The website LiveScience.com published the story of a man in China who deliberately swallowed a metal spoon. Now, I’m not sure how much forethought went into his decision to swallow something too rigid to pass through his intestines. The intestines constitute a very winding path for whatever passes through them. An eight-inch spoon is not very flexible.
Anyway, the spoon didn’t even get that far. It became uncomfortably stuck in his esophagus. And there it remained for an entire year. Not until someone punched him in the chest did he finally go to the doctor for help. The pain became unbearable. Doctors removed the mucus-covered spoon with forceps.
The man was only identified as “Mr. Zhang.” Though the article didn’t mention his age, I’m sure he was barely old enough to be called “Mister.” Why do I say this? Because his behavior was only appropriate for a child, possibly an adolescent. You see, Mr. Zhang swallowed this spoon on a dare. One of his buddies dared him to do it. And once it became stuck, he wasn’t about to show weakness by seeking help to dislodge the spoon. So, he needlessly suffered with a spoon stuck in his throat for the next year.
A dare has got to be the most stupid and cowardly form of manipulation. Stupid for the person who accepts the challenge and cowardly for the person who does the daring. The person who accepts the dare gains nothing. And the person making the dare puts himself under no obligation. Therefore, he challenges someone else to take all the risks and offers no reward if the other person accepts the challenge.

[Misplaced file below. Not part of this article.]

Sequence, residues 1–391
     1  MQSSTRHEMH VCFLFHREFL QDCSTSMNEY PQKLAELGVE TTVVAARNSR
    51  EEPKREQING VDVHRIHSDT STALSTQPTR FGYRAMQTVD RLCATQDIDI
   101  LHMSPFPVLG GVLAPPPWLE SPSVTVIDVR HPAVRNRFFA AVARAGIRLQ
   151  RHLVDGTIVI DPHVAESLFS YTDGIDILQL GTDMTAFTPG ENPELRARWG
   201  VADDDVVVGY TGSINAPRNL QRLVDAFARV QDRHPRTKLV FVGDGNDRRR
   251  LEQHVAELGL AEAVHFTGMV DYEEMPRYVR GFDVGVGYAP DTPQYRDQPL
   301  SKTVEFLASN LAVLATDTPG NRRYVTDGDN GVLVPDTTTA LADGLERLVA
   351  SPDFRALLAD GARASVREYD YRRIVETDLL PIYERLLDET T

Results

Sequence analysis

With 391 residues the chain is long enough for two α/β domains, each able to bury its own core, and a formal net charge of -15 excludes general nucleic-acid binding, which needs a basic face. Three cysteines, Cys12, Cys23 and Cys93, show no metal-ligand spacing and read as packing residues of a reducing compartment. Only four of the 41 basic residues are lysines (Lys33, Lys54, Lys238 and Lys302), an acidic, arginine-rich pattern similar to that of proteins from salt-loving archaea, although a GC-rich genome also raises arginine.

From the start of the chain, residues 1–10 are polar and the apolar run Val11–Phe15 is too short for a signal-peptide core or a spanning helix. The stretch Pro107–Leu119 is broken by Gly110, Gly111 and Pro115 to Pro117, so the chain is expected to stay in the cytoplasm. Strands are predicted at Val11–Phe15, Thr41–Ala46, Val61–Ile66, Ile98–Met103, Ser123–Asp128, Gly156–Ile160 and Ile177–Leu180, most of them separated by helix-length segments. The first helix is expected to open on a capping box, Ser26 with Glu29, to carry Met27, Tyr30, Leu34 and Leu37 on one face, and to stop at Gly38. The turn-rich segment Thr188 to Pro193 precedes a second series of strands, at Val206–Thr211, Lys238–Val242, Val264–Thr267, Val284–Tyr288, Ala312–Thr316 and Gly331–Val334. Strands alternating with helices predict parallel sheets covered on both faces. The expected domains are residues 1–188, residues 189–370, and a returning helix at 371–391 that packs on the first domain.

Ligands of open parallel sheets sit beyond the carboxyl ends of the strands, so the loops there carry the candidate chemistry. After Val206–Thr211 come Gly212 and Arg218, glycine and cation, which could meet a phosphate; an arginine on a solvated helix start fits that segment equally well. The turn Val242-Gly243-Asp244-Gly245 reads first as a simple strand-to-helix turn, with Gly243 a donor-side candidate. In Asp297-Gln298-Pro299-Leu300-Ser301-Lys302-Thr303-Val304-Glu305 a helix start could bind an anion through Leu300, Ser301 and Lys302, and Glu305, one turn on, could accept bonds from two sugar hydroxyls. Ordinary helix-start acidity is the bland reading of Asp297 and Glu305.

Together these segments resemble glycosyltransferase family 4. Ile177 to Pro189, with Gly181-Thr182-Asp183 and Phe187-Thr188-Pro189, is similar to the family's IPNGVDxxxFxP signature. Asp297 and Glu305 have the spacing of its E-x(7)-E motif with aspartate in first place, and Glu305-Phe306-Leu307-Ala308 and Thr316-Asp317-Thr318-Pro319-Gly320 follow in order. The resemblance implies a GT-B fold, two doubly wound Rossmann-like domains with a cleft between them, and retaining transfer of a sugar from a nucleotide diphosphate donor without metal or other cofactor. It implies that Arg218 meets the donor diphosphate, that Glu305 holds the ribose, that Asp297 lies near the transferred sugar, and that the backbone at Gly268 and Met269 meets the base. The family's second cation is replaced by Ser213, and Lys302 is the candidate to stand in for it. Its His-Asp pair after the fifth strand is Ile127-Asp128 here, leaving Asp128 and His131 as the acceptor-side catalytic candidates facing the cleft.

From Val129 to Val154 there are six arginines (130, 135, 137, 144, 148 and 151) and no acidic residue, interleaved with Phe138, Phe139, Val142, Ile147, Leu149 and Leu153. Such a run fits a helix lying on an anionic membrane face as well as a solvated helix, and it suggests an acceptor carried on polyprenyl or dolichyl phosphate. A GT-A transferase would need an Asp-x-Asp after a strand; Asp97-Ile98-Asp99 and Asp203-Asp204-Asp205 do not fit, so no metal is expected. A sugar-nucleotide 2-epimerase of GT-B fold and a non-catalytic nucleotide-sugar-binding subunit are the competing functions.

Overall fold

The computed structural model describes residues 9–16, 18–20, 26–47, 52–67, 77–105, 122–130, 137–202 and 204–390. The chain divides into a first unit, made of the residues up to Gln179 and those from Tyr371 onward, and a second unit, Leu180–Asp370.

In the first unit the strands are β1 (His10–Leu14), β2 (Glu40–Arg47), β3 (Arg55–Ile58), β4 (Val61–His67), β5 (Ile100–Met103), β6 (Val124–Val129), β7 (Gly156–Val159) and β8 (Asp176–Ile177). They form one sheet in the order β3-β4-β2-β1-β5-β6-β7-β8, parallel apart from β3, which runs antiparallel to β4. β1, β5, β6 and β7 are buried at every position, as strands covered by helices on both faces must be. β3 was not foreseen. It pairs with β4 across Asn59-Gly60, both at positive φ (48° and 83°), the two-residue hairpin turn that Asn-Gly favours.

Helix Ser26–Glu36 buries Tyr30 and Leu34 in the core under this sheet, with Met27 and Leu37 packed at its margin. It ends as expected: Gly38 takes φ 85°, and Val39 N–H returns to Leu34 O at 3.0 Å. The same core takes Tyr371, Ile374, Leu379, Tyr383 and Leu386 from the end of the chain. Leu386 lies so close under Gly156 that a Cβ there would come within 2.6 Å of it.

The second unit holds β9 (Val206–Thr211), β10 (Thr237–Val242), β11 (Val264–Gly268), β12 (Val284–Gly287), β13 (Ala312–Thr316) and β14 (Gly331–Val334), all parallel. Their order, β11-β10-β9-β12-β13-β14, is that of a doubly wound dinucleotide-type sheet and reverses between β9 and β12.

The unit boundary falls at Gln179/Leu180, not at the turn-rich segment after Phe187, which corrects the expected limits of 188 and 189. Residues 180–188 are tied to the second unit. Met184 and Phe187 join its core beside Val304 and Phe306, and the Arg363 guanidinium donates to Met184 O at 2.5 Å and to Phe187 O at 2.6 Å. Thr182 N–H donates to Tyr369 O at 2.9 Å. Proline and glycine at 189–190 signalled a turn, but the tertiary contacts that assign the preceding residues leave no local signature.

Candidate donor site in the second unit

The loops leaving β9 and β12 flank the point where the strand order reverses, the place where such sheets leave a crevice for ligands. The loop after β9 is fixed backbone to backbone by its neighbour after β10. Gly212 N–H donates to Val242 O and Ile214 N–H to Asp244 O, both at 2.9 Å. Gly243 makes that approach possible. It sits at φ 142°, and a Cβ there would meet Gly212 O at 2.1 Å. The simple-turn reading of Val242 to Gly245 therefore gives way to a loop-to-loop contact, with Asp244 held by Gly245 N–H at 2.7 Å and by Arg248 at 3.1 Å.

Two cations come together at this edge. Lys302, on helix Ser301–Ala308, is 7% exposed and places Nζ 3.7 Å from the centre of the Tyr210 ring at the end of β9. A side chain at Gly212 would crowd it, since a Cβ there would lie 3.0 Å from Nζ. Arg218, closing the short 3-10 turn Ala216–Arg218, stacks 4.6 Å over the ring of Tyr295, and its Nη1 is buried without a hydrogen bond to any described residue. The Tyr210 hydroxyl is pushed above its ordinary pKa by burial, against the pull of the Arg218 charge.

When my father was a young man, he ate 22 hotdogs on a dare. He survived the ordeal. But what on earth did he gain out of it? Terrible indigestion? I’m sure he did. But did he prove how brave he was – or how foolish?
The next time someone dares you to do something, challenge them back. Ask yourself, “What will they do to prove that they’re not chicken-livered themselves? It’s easy to challenge others to do stupid stuff. What are they willing to do?
“And what authorizes them to be a judge of someone else’s courage? Who established them as a judge to impose on others their own ridiculous “acid test of courage”?
“And since they’re using peer pressure to manipulate you, isn’t the more courageous choice not to bow to their manipulation? Isn’t it braver to accept the criticism of others and blow off the dare?”
Don’t be manipulated by mere peer pressure to risk life, limb, and career by accepting someone’s dare. If you make yourself a slave to peer pressure there is virtually no end to the risky behavior others will challenge you to do. And they’ll always be more than happy to let you take all the risks while they laugh their behinds off.
If you want to please someone or find acceptance and approval from anyone, then choose God as that person.
God is your greatest fan. He truly loves you and only seeks your well-being. God finds no pleasure in your pain. And anything He asks you to do will only result in your being blessed. Consider the wise words of King Solomon.
“My son, if sinners entice you, turn your back on them! They may say, ‘Come and join us. Let’s hide and kill someone! Just for fun, let’s ambush the innocent! … Think of the great things we’ll get! Come, throw in your lot with us; we’ll all share the loot.’
“My son, don’t go along with them! Stay far away from their paths. If a bird sees a trap being set, it knows to stay away. But these people set an ambush for themselves; they are trying to get themselves killed” (Proverbs 1:10-18).
Dear Father in heaven, I face this choice in life: To whom am I going to be enslaved? Will I make myself dependent upon the approval and acceptance of my so-called friends? Or, will I seek Your approval and acceptance? Please help me, O God, to choose You. Give me the strength and courage to stand alone among my peers, to be different, and to disappoint them that I might please you. Amen.
Information from: https://www.livescience.com/63972-steel-spoon-esophagus.html